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J Urol. 2013 Nov;190(5):1938-45. doi: 10.1016/j.juro.2013.04.052. Epub 2013 Apr 22.

Long-term structural and functional effects of autologous muscle precursor cell therapy in a nonhuman primate model of urinary sphincter deficiency.

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Wake Forest Institute for Regenerative Medicine, Wake Forest University Health Sciences, Winston-Salem, North Carolina.



We measured the long-term efficacy of autologous muscle precursor cell therapy in premenopausal female nonhuman primates with sustained urinary sphincter deficiency.


Urinary sphincter deficiency was created in adult premenopausal female cynomolgus monkeys by selectively cauterizing and then transecting the pudendal innervation to the sphincter complex. The monkeys were then treated (18) or not treated (18) with intra-urinary sphincter injections of 5 million autologous green fluorescent protein labeled skeletal muscle precursor cells. Four untreated, uninjured monkeys served as controls. Maximal urethral pressure measurement and corresponding histological analysis of the structural and cellular components of the sphincter complex were performed up to 12 months after injection.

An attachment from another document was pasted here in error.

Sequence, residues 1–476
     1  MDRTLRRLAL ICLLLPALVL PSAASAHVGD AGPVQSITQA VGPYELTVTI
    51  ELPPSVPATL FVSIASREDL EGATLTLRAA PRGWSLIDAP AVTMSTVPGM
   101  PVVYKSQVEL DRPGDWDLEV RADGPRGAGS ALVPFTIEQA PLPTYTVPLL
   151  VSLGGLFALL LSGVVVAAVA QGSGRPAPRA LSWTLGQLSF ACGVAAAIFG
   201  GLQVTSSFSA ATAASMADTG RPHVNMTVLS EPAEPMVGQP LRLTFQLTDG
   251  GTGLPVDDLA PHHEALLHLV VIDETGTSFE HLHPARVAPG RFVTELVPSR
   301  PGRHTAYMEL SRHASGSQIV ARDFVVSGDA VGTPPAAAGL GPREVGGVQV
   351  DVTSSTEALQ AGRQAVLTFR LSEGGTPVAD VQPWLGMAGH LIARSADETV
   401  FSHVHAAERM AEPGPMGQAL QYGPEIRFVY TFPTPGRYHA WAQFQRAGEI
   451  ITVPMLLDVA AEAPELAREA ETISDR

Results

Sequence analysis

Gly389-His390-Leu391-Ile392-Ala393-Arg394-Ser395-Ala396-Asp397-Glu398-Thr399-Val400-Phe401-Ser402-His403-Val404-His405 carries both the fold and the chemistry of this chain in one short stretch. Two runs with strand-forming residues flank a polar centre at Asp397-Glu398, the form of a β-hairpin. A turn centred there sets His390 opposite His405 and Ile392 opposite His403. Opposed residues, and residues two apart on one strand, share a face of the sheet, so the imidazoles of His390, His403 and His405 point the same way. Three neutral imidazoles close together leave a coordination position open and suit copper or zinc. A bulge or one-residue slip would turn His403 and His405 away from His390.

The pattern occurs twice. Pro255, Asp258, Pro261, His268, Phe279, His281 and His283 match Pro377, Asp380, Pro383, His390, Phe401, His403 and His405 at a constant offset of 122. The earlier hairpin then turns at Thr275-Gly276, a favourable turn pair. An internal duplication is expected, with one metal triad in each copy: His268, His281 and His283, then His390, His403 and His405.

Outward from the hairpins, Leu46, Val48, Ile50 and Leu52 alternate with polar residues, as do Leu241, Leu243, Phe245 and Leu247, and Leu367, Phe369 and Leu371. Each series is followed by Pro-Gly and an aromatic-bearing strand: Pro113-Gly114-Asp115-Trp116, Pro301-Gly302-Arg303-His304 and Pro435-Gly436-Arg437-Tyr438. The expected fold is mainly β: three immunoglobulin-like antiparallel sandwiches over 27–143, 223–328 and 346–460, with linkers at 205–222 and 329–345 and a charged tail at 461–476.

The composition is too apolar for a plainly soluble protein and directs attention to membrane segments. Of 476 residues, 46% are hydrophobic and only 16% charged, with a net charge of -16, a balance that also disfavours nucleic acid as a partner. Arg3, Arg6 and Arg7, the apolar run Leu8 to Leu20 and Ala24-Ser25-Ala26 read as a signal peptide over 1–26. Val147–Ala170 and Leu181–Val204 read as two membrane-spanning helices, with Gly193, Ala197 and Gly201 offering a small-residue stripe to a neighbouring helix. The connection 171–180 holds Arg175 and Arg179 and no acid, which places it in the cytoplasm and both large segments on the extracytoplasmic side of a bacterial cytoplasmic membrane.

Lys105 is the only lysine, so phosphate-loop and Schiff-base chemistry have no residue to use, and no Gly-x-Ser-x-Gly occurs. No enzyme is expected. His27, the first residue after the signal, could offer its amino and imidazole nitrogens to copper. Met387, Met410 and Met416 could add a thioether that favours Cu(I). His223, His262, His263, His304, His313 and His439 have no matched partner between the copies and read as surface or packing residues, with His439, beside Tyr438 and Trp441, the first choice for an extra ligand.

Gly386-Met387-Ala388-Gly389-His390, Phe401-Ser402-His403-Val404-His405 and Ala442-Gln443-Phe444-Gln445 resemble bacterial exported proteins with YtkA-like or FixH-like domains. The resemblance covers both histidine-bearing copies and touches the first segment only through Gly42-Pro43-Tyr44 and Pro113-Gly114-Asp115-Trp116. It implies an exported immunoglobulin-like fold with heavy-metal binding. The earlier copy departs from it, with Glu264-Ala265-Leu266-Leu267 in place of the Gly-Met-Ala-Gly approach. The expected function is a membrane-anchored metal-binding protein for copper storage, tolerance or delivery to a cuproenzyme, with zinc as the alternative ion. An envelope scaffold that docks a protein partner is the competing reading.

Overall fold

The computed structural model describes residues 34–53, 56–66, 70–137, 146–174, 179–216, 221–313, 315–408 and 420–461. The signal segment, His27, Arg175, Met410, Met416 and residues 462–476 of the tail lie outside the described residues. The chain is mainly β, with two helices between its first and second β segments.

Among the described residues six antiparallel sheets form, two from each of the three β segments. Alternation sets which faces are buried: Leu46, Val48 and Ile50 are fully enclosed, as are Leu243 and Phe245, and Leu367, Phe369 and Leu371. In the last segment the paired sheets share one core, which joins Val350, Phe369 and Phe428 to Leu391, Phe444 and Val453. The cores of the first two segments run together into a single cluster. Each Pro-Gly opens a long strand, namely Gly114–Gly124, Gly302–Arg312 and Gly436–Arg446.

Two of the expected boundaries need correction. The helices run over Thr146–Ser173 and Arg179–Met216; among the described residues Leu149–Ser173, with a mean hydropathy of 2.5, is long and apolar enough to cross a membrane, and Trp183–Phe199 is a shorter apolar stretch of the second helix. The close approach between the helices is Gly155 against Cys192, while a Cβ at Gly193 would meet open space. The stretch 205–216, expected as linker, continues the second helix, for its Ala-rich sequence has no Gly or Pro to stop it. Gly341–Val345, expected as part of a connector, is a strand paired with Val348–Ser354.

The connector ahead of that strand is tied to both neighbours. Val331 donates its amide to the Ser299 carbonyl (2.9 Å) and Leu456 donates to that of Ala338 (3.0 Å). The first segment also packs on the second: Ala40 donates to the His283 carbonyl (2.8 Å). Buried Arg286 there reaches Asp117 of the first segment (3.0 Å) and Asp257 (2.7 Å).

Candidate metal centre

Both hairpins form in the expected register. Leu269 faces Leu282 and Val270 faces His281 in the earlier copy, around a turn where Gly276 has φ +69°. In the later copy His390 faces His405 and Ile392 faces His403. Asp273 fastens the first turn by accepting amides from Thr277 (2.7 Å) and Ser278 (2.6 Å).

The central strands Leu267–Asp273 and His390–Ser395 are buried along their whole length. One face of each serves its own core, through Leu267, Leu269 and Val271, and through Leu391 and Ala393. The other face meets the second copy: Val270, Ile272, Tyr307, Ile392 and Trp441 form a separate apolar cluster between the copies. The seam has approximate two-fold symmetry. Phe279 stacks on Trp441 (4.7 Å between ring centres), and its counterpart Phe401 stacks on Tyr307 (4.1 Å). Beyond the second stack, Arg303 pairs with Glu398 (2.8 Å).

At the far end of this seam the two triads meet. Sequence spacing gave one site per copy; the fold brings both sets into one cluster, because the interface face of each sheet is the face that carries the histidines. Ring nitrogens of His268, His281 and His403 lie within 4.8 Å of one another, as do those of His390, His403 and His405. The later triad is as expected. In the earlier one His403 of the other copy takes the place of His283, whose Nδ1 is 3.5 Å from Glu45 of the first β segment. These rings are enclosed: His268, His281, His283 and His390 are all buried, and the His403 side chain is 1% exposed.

Cell treatment produced sustained (12 months) increases in resting, somatic nerve stimulated and adrenergic nerve stimulated maximal urethral pressure, and a greater percent of sphincter area occupied by muscle as well as a decrease in the sphincter area occupied by collagen compared to the untreated group (each p>0.05). These results were within control values (each p>0.05). By 3 months after injection green fluorescent protein positive cells were found in the skeletal muscle layer, expressing desmin and connexin-43, and in the smooth muscle layer, expressing α-smooth muscle actin and connexin-43, and they were incorporated into the subendothelial vasculature, expressing Von Willebrand factor. Cell injected sphincter tissue contained a mixture of green fluorescent protein positive cells and predominantly green fluorescent protein negative cells.


Injected skeletal muscle progenitor cells incorporated into the injured sphincter complex resulted in long-term structural and functional restoration of the injured sphincter complex in this nonhuman primate model.


DMEM; Dulbecco's modified Eagle's medium; FACS; GFP; MHC; MPC; MUP; Macaca fascicularis; MyoD; PAX7; SUI; fluorescence antibody cell sorting; green fluorescent protein; maximal urethral pressure; muscle progenitor cell; myoblast determination protein; myosin heavy chain; paired box protein-7; pudendal nerve; skMPC; skeletal MPC; stem cells; stress; stress urinary incontinence; urinary bladder; urinary incontinence

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